A woman is suing, because she believes she was wrongly terminated from the Kansas Secretary of State’s Office. Kansas Secretary of State Kris Kobach isn’t a defendant in the case, but a reader must read further than the headline and first paragraph in a Kansas City Star article to find that key information.
The story is headlined, “Trial to begin for woman who says Kobach’s office fired her for not attending church.” Kobach didn’t fire the employee, and he is barely a player in the lawsuit, but readers won’t know that unless they wade far into the Star’s sordid tale.
Courtney Canfield’s suit alleges she was fired from the Kansas Secretary of State’s Office because she didn’t attend church enough. Canfield isn’t mentioned until the second paragraph, Kobach, who isn’t listed as a defendant, is listed in the headline and the first sentence.
In paragraph three, the Star provides the important facts of the story: “The lawsuit blames Kobach’s chief deputy, Eric Rucker, for the firing, and Kobach himself is not a defendant.”
About three-quarters of the way through the story, the readers learn that Kobach is unlikely to appear at the trial, he had very limited interaction with Canfield when she was an employee, and that he wasn’t even notified when she was hired for an entry-level job in the Secretary of State’s Office. He provided pre-trial testimony, which the Star quotes near the very end of the story.
““I have no knowledge of whether any of my employees attend church, nor would I seek to obtain such knowledge,” Kobach’s testimony reads.
Those details appear near the bottom of the story. Near the top, the Star reporter details Kobach’s “national reputation for championing tough voter identification laws,” his assistance to other states on illegal immigration issues, and his vice chairmanship of President Trump’s commission on election fraud. Only after all of those details are inserted into a story about which Kobach isn’t really involved, the Star describes some of the suit’s allegations. (Perhaps the writer was attempting to reach a higher word count, but adding so much extraneous information?)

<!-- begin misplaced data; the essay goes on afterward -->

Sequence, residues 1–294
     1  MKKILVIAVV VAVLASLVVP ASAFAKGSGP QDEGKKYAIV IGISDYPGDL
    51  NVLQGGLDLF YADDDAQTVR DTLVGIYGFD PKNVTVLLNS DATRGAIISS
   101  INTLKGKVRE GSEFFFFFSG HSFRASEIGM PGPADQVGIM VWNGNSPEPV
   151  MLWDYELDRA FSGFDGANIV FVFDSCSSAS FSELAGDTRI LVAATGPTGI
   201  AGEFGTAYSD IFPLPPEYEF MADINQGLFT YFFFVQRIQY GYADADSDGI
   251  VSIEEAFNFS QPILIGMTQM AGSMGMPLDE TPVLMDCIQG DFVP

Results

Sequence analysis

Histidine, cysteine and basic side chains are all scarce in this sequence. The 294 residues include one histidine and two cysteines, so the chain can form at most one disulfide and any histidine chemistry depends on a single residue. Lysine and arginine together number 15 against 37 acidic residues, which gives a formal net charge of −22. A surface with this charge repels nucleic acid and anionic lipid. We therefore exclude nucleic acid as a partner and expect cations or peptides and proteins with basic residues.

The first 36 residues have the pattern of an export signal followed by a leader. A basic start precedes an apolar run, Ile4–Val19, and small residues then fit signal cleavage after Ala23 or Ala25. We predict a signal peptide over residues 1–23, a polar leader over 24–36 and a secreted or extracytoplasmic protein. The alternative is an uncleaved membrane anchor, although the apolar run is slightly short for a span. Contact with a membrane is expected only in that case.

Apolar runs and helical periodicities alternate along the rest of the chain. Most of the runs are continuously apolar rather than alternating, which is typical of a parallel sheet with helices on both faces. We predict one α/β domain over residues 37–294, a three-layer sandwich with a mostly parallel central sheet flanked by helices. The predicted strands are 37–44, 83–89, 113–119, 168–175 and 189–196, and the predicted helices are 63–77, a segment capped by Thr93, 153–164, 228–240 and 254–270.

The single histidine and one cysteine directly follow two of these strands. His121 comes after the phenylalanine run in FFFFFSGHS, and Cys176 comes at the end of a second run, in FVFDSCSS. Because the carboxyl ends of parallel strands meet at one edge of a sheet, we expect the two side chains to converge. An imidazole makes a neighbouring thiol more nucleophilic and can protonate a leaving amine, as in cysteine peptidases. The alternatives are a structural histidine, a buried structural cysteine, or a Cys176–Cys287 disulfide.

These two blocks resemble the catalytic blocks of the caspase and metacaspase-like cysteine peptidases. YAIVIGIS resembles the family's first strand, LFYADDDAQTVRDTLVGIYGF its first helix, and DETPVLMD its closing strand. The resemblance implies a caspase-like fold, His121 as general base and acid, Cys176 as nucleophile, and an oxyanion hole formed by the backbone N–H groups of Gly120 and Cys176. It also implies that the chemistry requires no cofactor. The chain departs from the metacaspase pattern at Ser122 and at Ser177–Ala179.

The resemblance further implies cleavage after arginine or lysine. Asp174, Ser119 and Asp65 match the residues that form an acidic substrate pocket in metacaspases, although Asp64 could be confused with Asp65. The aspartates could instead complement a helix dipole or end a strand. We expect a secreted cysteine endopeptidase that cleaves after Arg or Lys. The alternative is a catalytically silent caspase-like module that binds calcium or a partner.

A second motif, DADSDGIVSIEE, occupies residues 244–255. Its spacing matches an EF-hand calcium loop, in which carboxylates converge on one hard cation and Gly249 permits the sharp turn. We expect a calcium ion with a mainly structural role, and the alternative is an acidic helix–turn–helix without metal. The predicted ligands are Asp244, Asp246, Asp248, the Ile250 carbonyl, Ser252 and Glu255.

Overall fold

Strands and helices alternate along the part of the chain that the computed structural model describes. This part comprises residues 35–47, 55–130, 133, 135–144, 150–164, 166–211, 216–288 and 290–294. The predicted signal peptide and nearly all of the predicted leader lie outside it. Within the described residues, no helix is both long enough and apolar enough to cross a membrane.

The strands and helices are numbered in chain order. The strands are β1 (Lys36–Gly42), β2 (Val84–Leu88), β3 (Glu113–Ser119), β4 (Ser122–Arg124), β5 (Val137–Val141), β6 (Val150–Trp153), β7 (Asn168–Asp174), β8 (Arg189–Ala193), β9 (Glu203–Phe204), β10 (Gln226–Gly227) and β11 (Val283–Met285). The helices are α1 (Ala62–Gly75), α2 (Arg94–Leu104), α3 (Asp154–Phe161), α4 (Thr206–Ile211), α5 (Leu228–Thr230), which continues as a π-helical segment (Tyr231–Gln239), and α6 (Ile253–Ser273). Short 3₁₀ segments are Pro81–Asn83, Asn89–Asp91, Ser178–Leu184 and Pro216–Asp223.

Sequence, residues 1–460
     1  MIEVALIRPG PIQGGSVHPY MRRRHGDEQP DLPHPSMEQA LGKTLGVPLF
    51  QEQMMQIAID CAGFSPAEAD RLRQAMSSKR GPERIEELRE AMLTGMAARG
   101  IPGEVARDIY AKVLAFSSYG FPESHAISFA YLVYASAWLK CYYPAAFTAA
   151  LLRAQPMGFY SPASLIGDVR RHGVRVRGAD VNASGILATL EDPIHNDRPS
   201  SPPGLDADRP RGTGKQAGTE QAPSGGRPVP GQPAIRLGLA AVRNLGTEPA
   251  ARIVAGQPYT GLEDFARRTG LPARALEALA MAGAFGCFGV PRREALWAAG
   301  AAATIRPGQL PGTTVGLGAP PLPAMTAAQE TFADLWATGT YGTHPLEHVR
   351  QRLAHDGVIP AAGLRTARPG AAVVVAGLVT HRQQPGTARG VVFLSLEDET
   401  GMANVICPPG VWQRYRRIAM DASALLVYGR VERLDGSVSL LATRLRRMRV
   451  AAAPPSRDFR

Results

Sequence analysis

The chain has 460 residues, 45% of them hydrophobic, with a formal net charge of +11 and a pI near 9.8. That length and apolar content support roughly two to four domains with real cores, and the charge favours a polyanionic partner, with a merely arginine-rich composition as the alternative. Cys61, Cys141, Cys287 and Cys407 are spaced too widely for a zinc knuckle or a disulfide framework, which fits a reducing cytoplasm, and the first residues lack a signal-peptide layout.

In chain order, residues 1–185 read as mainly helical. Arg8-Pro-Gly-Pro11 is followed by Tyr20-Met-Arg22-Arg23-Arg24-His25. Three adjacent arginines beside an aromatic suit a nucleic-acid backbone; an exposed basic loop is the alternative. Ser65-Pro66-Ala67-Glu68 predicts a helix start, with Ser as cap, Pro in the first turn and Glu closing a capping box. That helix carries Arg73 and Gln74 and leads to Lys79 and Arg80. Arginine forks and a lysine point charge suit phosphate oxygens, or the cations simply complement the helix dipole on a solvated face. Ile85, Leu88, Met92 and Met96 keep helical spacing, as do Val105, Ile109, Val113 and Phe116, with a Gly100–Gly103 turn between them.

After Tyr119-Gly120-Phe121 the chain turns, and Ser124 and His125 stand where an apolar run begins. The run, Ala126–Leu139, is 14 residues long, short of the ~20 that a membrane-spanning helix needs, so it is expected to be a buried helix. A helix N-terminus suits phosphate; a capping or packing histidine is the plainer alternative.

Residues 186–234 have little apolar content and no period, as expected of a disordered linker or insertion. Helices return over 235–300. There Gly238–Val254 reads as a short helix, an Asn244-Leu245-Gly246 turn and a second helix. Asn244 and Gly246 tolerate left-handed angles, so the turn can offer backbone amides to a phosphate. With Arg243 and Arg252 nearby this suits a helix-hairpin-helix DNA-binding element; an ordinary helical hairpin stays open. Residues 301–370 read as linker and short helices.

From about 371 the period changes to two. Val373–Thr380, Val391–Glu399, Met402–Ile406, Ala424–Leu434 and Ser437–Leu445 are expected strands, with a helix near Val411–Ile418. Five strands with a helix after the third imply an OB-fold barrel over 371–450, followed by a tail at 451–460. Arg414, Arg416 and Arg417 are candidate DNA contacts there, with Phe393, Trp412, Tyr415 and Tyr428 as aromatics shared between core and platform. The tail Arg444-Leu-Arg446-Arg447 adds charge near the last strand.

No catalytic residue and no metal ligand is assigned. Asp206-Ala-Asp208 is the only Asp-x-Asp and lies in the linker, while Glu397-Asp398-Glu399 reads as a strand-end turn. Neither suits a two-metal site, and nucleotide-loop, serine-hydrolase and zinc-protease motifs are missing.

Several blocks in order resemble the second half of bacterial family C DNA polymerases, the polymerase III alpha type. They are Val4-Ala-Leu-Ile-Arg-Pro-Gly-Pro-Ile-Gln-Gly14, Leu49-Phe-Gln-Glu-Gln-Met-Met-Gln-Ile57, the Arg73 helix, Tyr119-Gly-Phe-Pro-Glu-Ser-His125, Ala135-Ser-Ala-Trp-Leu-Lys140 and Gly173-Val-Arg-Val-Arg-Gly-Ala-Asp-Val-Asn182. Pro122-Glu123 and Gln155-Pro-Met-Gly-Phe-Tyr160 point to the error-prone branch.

Canfield worked in the Secretary of State’s Office for nine months, and only learned of her firing through her grandmother via a Republican Party volunteer. Her attorney calls the handling of Canfield’s firing “odd.”
“Religion is very, very important in the office under Secretary of State Kobach,” Gary Laughlin, Canfield’s attorney, tells the Star. “The overall tenor in the office was very religious.”
Near the end of the Star’s tale, Rucker’s attorney, David Cooper, explains the reasons the Star potentially chose to run a story strongly linking Kobach to a “garden variety” lawsuit that has little to do with Kobach himself.
“It’s not a complex or unusual case of this variety,” he said. “The uniqueness of it is: It is the office of somebody who gets some national attention.”
The story notes that the presiding judge in the case is former Democratic Kansas Gov. Kathleen Sebelius’ husband.
Star readers can be pardoned for wondering why the story doesn’t include a more detailed description of Sebelius’ political history. She has about as much to do with the lawsuit as Kobach, but the Star only devotes a sentence to her.